SoundEagle would like to welcome you and the whole world with an interactive platform that is serving not only as a communal website for amassing tips, ideas and findings, but also as the ongoing embodiment of a fully functioning (horticultural) society and community (including being a social media and educational platform) with specific goals and missions towards culturing, promoting and preserving orchids in all their diversity.

As such, the styles and contents of this website reveal in varying degrees certain…

View original post 284 more words

Late Flowers


My Plants, Pets And Favourite Places

At the start of the year I planned to photograph plants in flower on a weekly basis.  This patently never materialised  (the same fate happened to many of my other projects!) – I will have another go next year so please bear with me!

Below are a few late flowers in the big greenhouse.  These here are all members of the Mesembryanthemum family.

 

 

 

 

 

 

View original post

September Aster


September Aster

Aster (genus)

Adapted from Wikipedia, the free encyclopedia
Aster
Aster alpinus
Aster alpinus
Scientific classification
Kingdom: Plantae
(unranked): Angiosperms
(unranked): Eudicots
(unranked): Asterids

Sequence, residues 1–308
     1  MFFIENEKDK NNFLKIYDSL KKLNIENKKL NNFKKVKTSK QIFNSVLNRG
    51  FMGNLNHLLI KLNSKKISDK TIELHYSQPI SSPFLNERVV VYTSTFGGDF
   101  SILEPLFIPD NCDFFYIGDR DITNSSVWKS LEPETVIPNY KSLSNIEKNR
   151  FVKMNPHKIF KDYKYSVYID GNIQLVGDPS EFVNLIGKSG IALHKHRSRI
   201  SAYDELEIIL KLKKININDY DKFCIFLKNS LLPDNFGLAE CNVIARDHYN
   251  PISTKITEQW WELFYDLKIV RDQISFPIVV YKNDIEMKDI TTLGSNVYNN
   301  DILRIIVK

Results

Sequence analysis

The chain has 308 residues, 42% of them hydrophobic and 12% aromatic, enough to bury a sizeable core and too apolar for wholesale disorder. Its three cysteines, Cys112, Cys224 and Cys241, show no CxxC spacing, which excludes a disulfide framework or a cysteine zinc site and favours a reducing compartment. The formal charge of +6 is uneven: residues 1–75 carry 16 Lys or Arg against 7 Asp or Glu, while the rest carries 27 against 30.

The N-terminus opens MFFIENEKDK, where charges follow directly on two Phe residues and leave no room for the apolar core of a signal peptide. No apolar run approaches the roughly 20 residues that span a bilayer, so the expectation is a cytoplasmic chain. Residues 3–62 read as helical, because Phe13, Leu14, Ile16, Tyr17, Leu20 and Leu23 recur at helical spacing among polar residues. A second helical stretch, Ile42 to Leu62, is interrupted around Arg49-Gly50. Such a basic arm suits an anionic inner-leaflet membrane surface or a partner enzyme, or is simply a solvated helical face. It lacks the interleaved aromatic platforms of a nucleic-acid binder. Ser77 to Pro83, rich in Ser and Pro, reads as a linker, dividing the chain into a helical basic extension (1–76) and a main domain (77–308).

Order: Asterales
Family: Asteraceae
Tribe: Astereae
Genus: Aster L.
Species
Many, see text.

Aster (syn. Diplopappus Cass.) is a genus of flowering plants in the family Asteraceae. The genus once contained nearly 600 species in Eurasia and North America, but after morphologic and molecular research on the genus during the 1990s, it was decided that the North American species are better treated in a series of other related genera. After this split there are roughly 180 species within the genus, all but one being confined to Eurasia.[1] The name Aster comes from the Ancient Greek word ἀστήρ (astér), meaning “star”, referring to the shape of the flower head. Many species and a variety of hybrids and varieties are popular as garden plants because of their attractive and colourful flowers. Aster species are used as food plants by the larvae of a number of Lepidoptera species—see list of Lepidoptera that feed on Aster. Asters can grow in all hardiness zones.

The genus Aster is now generally restricted to the Old World species, with Aster amellus being the type species of the genus, as well as of the family Asteraceae. The New World species have now been reclassified in the genera Almutaster, Canadanthus, Doellingeria, Eucephalus, Eurybia, Ionactis, Oligoneuron, Oreostemma, Sericocarpus and Symphyotrichum, though all are treated within the tribe Astereae. Regardless of the taxonomic change, all are still widely referred to as “asters” (popularly “Michaelmas daisies” because of their typical blooming period) in the horticultural trades. See the List of Aster synonyms for more information.